The Loyola Phoenix recently ran an editorial regarding the suspension of the Sigma Alpha Epsilon Fraternity on campus.
I’ll admit, as a proud member of Greek Life at Loyola, my original intention in writing this editorial was to express my immediate outrage. It felt as though my community of brothers and sisters was being dragged through the mud once again by the actions of a few misguided fraternity members, which reignited stereotypical allegations against all Greek organizations.
I, along with many others, felt as though the infraction of one organization allowed for another opportunity to single out those in Greek Life and depict us as reckless drones who swarmed to defend wrongdoers just for the sake of protecting our names and letters.
I knew that a conversation had been started between The Phoenix Editorial Board and Greek members prior to publishing, but it could have been made clear that we dedicate countless hours per week upholding the standards we expect of ourselves and our brothers and sisters — not only in behavioral conduct but also in academics and philanthropic endeavors.
It’s a shame that this isn’t better understood. But after witnessing and participating in the commentary on the Facebook page for this staff editorial, I realized that it opened a can of worms that was so much bigger than some sorority and fraternity members feeling offended.
The biggest issue with this editorial was the discussion it prompted afterward that illuminated not only the divide between those in Greek Life and the rest of the student population, but also the strength of the negative stereotypes that continue to be perpetuated.
When I expressed on the page my desire to submit a column regarding my opinion of the “truth” on the matters of Greek Life, I was welcomed to do so by The Phoenix staff, but received extremely negative reactions from other participants in the conversation.
I was referred to as a “reactionary basic Becky” who lacked the intelligence to adequately comprehend the editorial. This comment was followed with, “It’s OK. I’m sure some frat bro will be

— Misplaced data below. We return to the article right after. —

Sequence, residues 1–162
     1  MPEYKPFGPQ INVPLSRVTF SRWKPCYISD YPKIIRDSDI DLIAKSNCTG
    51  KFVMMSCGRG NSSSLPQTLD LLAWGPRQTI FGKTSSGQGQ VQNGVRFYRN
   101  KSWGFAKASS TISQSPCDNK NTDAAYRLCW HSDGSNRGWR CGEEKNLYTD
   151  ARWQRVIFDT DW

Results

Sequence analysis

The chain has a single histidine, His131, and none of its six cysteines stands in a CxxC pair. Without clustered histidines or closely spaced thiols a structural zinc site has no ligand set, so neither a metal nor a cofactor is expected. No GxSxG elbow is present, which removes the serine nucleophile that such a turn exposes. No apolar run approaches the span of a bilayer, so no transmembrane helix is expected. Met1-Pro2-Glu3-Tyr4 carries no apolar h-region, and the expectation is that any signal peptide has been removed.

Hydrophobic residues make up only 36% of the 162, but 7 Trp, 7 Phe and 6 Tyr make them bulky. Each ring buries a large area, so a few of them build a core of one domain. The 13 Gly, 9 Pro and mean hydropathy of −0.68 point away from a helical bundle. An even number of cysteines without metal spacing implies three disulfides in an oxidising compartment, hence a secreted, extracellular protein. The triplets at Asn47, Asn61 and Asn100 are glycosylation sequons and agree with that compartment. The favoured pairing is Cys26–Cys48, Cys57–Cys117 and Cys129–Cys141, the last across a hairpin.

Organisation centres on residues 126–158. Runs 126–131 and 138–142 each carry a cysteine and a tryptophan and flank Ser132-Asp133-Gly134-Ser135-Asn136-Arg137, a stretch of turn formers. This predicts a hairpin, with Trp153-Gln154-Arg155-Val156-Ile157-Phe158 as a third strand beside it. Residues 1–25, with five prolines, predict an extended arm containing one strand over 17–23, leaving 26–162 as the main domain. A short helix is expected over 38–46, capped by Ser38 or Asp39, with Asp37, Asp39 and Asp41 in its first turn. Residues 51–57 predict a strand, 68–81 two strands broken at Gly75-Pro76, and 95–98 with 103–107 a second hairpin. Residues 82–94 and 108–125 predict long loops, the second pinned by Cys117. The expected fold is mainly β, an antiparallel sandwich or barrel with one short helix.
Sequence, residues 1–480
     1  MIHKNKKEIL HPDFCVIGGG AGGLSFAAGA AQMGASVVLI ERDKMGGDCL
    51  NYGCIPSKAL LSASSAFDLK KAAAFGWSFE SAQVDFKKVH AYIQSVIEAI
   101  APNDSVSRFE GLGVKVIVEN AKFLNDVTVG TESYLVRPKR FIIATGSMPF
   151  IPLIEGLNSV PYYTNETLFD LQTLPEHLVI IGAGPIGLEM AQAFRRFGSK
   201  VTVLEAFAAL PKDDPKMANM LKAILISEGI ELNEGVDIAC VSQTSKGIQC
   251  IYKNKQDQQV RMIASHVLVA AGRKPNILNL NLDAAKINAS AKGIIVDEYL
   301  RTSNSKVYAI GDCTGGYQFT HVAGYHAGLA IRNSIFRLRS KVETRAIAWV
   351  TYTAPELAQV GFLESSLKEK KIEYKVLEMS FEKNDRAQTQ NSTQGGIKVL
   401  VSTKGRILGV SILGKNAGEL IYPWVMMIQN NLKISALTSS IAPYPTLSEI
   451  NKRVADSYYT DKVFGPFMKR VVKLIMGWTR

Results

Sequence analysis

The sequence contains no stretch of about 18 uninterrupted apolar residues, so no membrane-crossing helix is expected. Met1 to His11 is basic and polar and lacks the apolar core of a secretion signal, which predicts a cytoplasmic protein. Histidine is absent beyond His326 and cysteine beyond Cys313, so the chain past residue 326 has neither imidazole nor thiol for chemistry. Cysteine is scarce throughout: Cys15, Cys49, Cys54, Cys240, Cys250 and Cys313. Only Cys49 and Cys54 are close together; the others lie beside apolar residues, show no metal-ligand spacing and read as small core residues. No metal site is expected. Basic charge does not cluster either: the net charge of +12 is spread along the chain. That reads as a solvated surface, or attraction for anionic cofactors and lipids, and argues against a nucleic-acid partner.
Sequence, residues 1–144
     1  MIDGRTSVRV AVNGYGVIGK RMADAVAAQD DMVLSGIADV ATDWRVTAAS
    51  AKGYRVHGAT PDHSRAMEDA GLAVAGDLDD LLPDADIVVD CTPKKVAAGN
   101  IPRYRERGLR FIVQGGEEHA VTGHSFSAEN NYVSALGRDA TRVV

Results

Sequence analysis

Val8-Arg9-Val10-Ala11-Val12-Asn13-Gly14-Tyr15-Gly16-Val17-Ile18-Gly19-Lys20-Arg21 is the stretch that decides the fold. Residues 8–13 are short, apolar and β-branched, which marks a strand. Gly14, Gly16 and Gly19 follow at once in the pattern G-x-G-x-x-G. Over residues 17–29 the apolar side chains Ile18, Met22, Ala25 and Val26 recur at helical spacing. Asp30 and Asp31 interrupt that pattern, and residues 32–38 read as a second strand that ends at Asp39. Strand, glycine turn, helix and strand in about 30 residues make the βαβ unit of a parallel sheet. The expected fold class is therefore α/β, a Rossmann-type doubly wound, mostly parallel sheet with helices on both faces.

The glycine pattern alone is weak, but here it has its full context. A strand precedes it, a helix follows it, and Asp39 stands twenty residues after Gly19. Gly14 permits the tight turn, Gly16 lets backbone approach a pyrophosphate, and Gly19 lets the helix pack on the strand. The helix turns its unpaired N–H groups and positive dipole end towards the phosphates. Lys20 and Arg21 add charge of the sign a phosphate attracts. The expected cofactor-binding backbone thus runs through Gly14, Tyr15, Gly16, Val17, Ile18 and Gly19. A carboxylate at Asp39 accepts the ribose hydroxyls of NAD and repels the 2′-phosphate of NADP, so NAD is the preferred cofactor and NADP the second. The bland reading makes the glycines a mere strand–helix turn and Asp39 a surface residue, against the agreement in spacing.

here soon to make an equally retarded complaint.”
Not only did I feel attacked by someone who decided they knew me based on my association with one of the many organizations on campus, but I was also disturbed by the use of language such as “retarded” to describe the issues I and others had with the editorial.
This was just one instance of such conduct among many others that occurred in the discussion of the editorial on Facebook.
What could have been used as an opportunity to begin a conversation regarding people’s feelings on Greek Life became an “Us versus Them” battle that was ugly to say the least.
While I can say that I am truly in awe of the unity displayed by my Greek brothers and sisters, in addition to the unity of the article supporters for that matter, it’s time that the attacks from both sides stop and the conversations start.
It’s so important, not just in the context of Greek Life but in the context of life in general, that we examine the kind of negative stereotypes we encounter and challenge them to determine their validity before allowing them to rule our opinions of one another.
For those of us in Greek Life, it’s our duty to continue to uphold the standards we have set for ourselves, to admit when we make mistakes and to continue our efforts toward making positive impacts on our community.
But for all of us, it’s our duty to respect each other regardless of differing opinions, to be honest and genuine in our communication endeavors and to understand that, despite what organizations we belong to, we are all part of a greater Loyola community that is capable of amazing things when we are united.